PARADISE VALLEY, Ariz. — Major League Baseball and its players’ union will begin contract talks soon with none of the rancor and lockout threats that are plaguing the NFL and NBA.
“We’re on a constructive path,” Commissioner Bud Selig said.
Selig offered a rosy picture of the economics of the coming seasons on Thursday and praised the solid relationship that his staff has formed with the union.
The two-day gathering, described by Selig as “a non-controversial meeting,” wrapped up at a quiet Phoenix-area resort on Thursday with a meeting of the special committee formed a year ago to come up with on-field changes for the game.
First on the agenda, Selig said, were three umpires to address the idea of expanding instant replay. The commissioner indicated he would like to proceed cautiously.
“In spite of the fact we’ve had 18 years of more change than ever before in the history of baseball,” he said, “I’m still very cautious. Baseball is different. The pace of the game is very important.”
More work needs to be done, Selig said, on the idea of expanding the playoffs by adding another wild-card team in each league.
“I feel good about it,” he said. “‘I think there’s a lot of interest but we have some detail to work out. That’s really the crucial question.”
Any changes to the use of replays or the addition of the wild-card playoff teams will not be implemented until 2012, at the earliest.
During his speach to the owners, Selig warned the clubs about overspending. The current labor contract expires in December.
Selig said that, looking back, “there was no reason for optimism” in the 2002 contract talks, which ended with an agreement just hours before players were to strike, but “it was a miracle right at the end.”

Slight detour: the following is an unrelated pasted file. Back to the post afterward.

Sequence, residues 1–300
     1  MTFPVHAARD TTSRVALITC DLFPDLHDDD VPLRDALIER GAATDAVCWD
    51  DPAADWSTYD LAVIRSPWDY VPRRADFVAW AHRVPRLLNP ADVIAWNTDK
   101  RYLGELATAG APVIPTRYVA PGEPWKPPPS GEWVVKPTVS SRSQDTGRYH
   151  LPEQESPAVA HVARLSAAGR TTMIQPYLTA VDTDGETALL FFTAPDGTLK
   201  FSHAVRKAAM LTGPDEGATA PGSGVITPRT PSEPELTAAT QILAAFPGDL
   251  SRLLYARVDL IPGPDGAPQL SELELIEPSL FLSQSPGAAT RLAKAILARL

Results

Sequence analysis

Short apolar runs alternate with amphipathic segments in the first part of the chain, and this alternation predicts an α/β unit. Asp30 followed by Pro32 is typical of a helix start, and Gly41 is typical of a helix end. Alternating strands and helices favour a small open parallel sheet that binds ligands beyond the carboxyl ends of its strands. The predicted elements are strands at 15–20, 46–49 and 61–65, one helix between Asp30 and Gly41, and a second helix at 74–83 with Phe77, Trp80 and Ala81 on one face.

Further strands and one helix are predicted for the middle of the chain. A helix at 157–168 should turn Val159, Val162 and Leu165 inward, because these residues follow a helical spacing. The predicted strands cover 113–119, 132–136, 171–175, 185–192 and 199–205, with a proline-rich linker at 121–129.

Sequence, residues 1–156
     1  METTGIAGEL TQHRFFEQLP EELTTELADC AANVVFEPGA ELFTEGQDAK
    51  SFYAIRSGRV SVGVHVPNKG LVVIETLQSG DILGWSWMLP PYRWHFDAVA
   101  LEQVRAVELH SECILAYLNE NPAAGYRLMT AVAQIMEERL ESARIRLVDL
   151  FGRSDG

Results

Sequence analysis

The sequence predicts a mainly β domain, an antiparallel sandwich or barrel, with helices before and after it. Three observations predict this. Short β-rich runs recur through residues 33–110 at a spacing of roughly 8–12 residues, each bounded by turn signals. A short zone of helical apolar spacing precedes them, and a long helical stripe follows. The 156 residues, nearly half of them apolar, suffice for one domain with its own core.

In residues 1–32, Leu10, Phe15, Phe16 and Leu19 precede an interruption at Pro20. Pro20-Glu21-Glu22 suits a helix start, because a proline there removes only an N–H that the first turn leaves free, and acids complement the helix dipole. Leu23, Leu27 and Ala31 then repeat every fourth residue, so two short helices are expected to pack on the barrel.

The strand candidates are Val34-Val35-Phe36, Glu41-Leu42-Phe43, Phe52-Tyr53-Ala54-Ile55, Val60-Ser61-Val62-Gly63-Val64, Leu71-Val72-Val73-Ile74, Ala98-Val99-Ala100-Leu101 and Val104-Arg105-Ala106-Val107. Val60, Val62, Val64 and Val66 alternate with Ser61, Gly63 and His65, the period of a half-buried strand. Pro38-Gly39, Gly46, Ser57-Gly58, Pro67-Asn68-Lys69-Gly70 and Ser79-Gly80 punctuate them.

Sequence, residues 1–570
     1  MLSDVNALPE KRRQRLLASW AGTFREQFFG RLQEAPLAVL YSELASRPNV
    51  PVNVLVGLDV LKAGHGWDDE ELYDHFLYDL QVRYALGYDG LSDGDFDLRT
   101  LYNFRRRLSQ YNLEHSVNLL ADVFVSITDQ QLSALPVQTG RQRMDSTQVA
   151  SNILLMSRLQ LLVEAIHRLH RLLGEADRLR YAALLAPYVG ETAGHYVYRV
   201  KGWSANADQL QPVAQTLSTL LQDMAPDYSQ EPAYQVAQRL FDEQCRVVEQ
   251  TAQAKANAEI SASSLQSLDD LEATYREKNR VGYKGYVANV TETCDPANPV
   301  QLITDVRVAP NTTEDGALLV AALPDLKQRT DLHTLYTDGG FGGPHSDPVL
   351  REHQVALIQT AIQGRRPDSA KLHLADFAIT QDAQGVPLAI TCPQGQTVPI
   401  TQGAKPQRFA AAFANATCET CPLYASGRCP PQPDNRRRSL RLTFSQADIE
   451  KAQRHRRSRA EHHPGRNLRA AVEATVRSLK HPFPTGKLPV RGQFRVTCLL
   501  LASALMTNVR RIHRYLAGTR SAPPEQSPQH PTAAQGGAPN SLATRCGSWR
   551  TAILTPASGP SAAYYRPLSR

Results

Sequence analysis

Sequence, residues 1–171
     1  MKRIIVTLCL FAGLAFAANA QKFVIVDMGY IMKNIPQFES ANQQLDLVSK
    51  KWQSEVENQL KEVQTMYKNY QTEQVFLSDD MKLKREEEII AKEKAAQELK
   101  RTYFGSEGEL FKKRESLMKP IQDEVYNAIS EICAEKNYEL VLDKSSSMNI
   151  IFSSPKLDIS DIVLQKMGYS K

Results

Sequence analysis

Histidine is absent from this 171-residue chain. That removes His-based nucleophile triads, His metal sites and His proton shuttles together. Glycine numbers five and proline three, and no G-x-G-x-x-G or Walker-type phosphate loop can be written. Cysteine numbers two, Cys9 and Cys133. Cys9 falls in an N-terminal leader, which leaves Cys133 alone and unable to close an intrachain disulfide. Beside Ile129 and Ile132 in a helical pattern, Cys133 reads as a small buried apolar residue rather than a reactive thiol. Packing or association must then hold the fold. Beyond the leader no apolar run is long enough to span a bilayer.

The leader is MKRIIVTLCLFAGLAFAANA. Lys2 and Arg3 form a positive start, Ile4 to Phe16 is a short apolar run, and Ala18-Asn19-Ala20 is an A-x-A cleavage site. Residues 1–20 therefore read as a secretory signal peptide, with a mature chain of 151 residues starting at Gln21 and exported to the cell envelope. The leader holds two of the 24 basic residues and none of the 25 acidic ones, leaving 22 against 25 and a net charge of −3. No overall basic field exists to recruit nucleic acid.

In 2006, the sides announced an agreement before Game 3 of the World Series, nearly two months before the labor contract was set to expire.
Selig wouldn’t predict that smooth a process this time, but he did note the tone of the negotiations had changed for the better.
“The one thing that is so really shockingly different in some ways is that back in the ‘702, ’80s, even starting in the late ’60s, there was all the anger expressed,” Selig said. “Owners mad at owners, owners mad at the union, everybody mad at the commissioner, whoever that was at the time. You don’t see or hear any of that the last five to 10 years.”
The day began with a startling development when Hall of Famer Frank Robinson, senior vice president for baseball operations in the commissioner’s office, experienced dizziness and a rapid heartbeat and was taken by ambulance to a nearby hospital. Selig said Robinson was doing well and that tests for any severe problems were negative.